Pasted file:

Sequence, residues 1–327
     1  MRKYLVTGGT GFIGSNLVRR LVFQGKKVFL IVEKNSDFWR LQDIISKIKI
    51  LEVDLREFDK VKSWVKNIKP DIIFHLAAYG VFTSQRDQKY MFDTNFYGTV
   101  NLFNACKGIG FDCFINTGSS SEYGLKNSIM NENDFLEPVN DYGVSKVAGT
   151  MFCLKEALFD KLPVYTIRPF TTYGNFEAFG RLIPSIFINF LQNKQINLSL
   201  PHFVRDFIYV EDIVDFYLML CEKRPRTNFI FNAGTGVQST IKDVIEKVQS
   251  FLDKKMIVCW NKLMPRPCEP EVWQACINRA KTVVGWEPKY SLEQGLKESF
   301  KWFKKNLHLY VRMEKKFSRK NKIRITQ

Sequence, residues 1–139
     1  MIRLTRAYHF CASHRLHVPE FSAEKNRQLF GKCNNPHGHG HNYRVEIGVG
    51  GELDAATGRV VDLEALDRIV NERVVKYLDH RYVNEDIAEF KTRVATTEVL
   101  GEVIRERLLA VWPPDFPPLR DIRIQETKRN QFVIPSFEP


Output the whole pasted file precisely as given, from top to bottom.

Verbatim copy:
Sequence, residues 1–327
     1  MRKYLVTGGT GFIGSNLVRR LVFQGKKVFL IVEKNSDFWR LQDIISKIKI
    51  LEVDLREFDK VKSWVKNIKP DIIFHLAAYG VFTSQRDQKY MFDTNFYGTV
   101  NLFNACKGIG FDCFINTGSS SEYGLKNSIM NENDFLEPVN DYGVSKVAGT
   151  MFCLKEALFD KLPVYTIRPF TTYGNFEAFG RLIPSIFINF LQNKQINLSL
   201  PHFVRDFIYV EDIVDFYLML CEKRPRTNFI FNAGTGVQST IKDVIEKVQS
   251  FLDKKMIVCW NKLMPRPCEP EVWQACINRA KTVVGWEPKY SLEQGLKESF
   301  KWFKKNLHLY VRMEKKFSRK NKIRITQ

Sequence, residues 1–139
     1  MIRLTRAYHF CASHRLHVPE FSAEKNRQLF GKCNNPHGHG HNYRVEIGVG
    51  GELDAATGRV VDLEALDRIV NERVVKYLDH RYVNEDIAEF KTRVATTEVL
   101  GEVIRERLLA VWPPDFPPLR DIRIQETKRN QFVIPSFEP